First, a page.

Canadian Prime Minister Justin Trudeau, and indeed the leaders of many western democracies, though thankfully not the U.S., support the Agreement and are completely unaware of the gross deficiencies in the science. If they did, they wouldn’t be forcing a carbon dioxide (CO2) tax, on their citizens.

Trudeau and other leaders show how little they know, or how little they assume the public know, by calling it a ‘carbon tax.’ But CO2 is a gas, while carbon is a solid. By calling the gas carbon, Trudeau and others encourage people to think of it as something ‘dirty’, like graphite or soot, which really are carbon. Calling CO2 by its proper name would help the public remember that it is actually an invisible, odorless gas essential to plant photosynthesis.

Canadian Environment Minister Catherine McKenna is arguably the most misinformed of the lot, saying in a recent interview, for example, that “Polluters should pay.” She apparently does not know that CO2 is not a pollutant.

And, like many of her political peers, McKenna dismisses credentialed PhD scientists who disagree with her government’s approach, labelling them “deniers.” She does not seem to understand that questioning scientific hypotheses, even scientific theories, is what all scientists should do. That is why the official motto of the Royal Society is “Nullius in verba,” Latin for “Take nobody's word for it.” Ironically, the Society rarely practices this approach when it comes to climate change.

Mistakes such as those made by McKenna are not surprising considering that the entire claim of anthropogenic global warming (AGW) was built on falsehoods and spread with fake news.

The plot to deceive the world about human-caused global warming gathered momentum following creation of the United Nations Intergovernmental Panel on Climate Change (IPCC) in 1988 by the World Meteorological Organization and the United Nations Environment Program (UNEP). After spending five days at the U.N. with Maurice Strong, the first executive director of UNEP, Hamilton Spectator investigative reporter Elaine Dewar concluded the overarching objective of the IPCC was political. “Strong was using the U.N. as a platform to sell a global environment crisis and the global governance agenda,” wrote Dewar.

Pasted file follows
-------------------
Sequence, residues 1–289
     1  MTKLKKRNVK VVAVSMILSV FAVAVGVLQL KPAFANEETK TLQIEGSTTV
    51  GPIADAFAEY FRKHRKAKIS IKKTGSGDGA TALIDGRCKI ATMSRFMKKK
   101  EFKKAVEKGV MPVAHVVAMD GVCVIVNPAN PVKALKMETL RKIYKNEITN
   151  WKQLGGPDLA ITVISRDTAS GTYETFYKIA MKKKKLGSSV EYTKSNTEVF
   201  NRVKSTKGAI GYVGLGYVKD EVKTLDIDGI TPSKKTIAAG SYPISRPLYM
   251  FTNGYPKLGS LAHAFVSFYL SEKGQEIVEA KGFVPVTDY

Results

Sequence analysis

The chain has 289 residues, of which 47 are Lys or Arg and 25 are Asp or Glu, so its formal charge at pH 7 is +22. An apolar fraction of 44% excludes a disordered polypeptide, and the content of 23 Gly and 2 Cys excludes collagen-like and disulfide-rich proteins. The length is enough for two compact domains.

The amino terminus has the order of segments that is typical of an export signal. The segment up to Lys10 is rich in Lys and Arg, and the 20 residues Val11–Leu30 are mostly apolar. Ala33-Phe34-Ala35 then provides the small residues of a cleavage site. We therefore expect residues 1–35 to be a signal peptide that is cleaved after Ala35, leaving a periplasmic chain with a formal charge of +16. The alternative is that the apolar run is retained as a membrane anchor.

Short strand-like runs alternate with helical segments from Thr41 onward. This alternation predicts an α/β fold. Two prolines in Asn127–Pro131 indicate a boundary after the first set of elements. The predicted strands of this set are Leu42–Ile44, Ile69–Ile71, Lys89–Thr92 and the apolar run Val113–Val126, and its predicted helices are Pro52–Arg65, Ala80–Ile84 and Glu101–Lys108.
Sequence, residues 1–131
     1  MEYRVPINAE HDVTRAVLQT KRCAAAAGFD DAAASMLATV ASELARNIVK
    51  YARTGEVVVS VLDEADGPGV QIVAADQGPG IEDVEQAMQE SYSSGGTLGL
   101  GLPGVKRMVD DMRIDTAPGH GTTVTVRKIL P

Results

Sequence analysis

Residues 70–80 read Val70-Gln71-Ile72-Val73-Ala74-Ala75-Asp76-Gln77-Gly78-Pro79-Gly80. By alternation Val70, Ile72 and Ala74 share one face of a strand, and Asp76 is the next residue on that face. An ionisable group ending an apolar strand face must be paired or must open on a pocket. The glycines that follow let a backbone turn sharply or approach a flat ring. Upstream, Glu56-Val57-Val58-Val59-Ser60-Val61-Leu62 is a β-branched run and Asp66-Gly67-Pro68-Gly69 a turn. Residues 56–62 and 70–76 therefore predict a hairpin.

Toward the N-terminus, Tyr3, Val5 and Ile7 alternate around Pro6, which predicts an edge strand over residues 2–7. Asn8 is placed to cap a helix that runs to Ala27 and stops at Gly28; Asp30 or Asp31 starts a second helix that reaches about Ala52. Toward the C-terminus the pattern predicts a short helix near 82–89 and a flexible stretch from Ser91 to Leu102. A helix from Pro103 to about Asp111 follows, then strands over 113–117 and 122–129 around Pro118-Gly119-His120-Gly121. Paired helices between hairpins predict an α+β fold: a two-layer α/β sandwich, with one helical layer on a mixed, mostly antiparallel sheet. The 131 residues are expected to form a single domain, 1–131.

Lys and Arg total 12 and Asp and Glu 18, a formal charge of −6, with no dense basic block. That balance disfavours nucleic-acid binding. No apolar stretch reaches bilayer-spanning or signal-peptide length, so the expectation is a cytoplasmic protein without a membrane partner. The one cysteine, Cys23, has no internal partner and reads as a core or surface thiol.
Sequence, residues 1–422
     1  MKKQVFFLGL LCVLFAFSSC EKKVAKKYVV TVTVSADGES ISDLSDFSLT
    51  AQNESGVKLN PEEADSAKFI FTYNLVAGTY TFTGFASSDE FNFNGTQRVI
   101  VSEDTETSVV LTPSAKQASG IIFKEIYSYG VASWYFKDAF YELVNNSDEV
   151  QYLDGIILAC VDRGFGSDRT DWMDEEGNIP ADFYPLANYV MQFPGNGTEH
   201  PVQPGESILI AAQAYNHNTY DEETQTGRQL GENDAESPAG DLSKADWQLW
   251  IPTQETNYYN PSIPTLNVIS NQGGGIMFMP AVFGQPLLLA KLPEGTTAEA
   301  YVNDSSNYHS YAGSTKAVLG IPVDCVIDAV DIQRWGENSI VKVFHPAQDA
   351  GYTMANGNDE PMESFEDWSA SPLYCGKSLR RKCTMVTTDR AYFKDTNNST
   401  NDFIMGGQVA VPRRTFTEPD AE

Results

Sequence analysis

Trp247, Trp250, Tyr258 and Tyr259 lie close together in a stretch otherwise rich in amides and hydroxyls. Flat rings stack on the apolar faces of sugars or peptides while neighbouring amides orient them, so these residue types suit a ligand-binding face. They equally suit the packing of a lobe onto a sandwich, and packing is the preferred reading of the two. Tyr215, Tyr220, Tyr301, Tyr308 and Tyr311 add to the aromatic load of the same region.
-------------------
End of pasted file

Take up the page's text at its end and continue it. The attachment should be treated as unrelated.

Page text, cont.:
The political agenda required ‘credibility’ to achieve the deception. It also required some fake news for momentum. Ideally, this would involve testimony from a scientist before a legislative committee.

U.S. Senator Timothy Wirth (D-CO) was fully committed to the political agenda and the deception as he explained in a 1993 comment, “We’ve got to ride the global warming issue. Even if the theory of global warming is wrong, we will be doing the right thing…”

In 1988 Wirth was in a position to jump start the climate alarm. He worked with colleagues on the Senate Energy and Natural Resources Committee to organize a June 23, 1988 hearing where Dr. James Hansen, then the head of the Goddard Institute for Space Studies (GISS), was to testify. Wirth explained in a 2007 interview with PBS Frontline:

“We knew there was this scientist at NASA, you know, who had really identified the human impact before anybody else had done so and was very certain about it. So, we called him up and asked him if he would testify.”

Hansen did not disappoint. The New York Times reported on June 23, 1988:

“Today Dr. James E. Hansen of the National Aeronautics and Space Administration told a Congressional committee that it was 99 percent certain that the warming trend was not a natural variation but was caused by a buildup of carbon dioxide and other artificial gases in the atmosphere.”

Specifically, Hansen told the committee,

"Global warming has reached a level such that we can ascribe with a high degree of confidence a cause and effect relationship between the greenhouse effect and observed warming...It is already happening now"

Hansen also testified:

"The greenhouse effect has been detected and it is changing our climate now...We already reached the point where the greenhouse effect is important."